(Washington: Philip & Solomons, ). 320 x 425 mm. (12 1/2 x 16 3/4"). Two volumes. FIRST EDITION.
Original publisher's black morocco over heavy boards, upper covers with gilt titling, publisher's monogram, and triple-ruled gilt borders, spines with raised bands and gilt compartments. WITH 100 ALBUMEN PRINTS DEPICTING IMAGES OF THE CIVIL WAR, each mounted on larger sheets of card stock within a lithographed frame and captioned, and each preceded by a descriptive letterpress leaf. Front free end paper of first volume with a gift inscription dated 1867. Howes G-64; Sabin 26635. Slight rubbing to corners and covers, lower boards and a small section of the upper board of Volume II with some dampstaining, one photograph with minor water damage (but only slightly wrinkling and lightening the image), blank flyleaves (front and rear), title pages, and two leaves of introductory text with moderate dampstaining to the top third of the leaves (the stains somewhat darker in the second volume), light scattered foxing and dampstaining affecting the head or tail edge of the photo mounts, occasionally touching the printed frames, a little light fading (no more than a half inch) just to the edges of some images, but AN EXCELLENT COPY despite these imperfections, the large bindings very attractive overall, entirely solid, and showing very little wear, and the images generally clean, clear, and with little of their powerful impact diminished.
This is one of the first and greatest American photographic books ever published, and considered by many to be the most important book to come out of the American Civil War. Due to the technological limitations of the time, most of the subject matter here consists of fortifications, encampments, bloodied battlefields, ruins, and important civic buildings, rather than the action of the battlefield. But by turning their lenses to these deceptively static scenes, Garder and his colleagues managed to capture the most memorable photographs of the war, in turns haunting, poignant, and graphic. Some notable examples include "President Lincoln on Battle-Field of Antietam," "A Harvest of Death," and the famously controversial "Home of a Rebel Sharpshooter, Gettysburg." The latter, which depicts a fallen soldier and his rifle entrenched in a rocky setting, is now believed to have been partially staged by the photographer. Most of the original photographs in this work were taken by Alexander Gardner himself, with contributions by some of the most prominent figures in the field, including James Gardner, Timothy O'Sullivan, David Knox, John Reekie, William R. Pywell, D. B. Woodbury, W. Morris Smith, and others. Gardner (1821-82) also worked with the eminent American photographer Matthew Brady until 1862, when he broke away to found his own studio. In addition to his "Sketch Book," Gardner is also remembered for his iconic photographs of President Lincoln, and was the only photographer admitted to the execution of those conspirators involved with that president's assassination. The present work was issued in a very small number (by most accounts no more than 200 copies) and was extremely expensive to produce because of the large number of images involved. Scholars have recently distinguished two slightly different versions of the first edition: the earlier version contains the caption "Incidents of War" on all the mounts. Ours belongs to the second iteration, which omits the above phrase and adds plate numbers, but is in every other way identical. Although our copy contains some dampstaining to the margins, it is mercifully free of damage to all the images but one. The few similar examples at auction in the last 10 years have fetched upwards of $200,000 or more. (CJN1603)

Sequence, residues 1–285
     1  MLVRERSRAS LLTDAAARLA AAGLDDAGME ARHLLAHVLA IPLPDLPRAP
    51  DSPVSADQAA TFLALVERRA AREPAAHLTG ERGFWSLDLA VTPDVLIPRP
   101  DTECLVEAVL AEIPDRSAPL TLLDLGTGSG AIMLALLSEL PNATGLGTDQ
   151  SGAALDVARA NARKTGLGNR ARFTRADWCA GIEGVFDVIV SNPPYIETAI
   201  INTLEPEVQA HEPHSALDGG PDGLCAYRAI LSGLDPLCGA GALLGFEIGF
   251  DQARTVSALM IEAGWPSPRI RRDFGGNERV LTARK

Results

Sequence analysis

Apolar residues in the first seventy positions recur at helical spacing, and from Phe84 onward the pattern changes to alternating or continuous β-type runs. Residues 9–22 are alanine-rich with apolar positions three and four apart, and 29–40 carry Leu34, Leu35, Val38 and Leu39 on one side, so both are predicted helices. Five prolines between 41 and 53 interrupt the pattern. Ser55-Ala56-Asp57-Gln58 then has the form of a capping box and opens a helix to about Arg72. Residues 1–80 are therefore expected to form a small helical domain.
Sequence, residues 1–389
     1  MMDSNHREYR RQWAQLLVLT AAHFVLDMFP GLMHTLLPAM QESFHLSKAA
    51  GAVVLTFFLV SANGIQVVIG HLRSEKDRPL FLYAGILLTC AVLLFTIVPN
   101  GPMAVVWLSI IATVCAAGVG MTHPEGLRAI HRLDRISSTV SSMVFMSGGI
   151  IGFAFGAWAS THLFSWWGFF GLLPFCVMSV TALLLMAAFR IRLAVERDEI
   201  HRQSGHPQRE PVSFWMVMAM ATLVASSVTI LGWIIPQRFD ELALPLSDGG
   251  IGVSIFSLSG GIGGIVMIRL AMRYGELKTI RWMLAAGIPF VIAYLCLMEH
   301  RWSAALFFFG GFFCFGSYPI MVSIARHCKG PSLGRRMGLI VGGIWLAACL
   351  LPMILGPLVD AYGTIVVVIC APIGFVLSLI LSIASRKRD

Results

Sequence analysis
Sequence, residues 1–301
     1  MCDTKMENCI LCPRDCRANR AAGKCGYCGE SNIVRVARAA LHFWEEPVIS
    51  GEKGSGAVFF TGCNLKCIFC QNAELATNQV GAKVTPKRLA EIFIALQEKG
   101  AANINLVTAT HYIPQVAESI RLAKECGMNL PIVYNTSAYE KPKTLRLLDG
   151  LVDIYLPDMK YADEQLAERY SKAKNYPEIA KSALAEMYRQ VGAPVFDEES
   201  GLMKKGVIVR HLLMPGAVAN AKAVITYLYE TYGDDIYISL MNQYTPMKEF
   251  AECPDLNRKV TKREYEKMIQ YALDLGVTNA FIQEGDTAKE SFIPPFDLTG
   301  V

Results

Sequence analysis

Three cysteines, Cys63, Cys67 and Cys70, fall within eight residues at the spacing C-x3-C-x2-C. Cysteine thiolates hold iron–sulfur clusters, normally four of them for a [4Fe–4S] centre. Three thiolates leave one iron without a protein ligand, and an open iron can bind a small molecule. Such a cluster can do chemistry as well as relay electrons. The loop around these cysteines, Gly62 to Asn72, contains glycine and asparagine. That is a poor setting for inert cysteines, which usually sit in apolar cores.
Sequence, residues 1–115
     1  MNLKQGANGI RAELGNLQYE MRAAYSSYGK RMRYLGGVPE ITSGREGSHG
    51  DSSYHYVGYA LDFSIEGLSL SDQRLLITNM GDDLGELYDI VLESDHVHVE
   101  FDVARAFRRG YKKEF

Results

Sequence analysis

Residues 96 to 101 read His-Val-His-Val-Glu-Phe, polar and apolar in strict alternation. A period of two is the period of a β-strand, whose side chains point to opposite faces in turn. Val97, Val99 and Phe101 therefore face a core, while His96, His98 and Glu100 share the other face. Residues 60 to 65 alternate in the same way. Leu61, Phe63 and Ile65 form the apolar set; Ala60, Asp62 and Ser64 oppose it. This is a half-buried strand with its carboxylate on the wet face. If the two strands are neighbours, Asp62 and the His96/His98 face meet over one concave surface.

Add to Cart Price: $125,000.00
PJP Catalog: NY22BF.036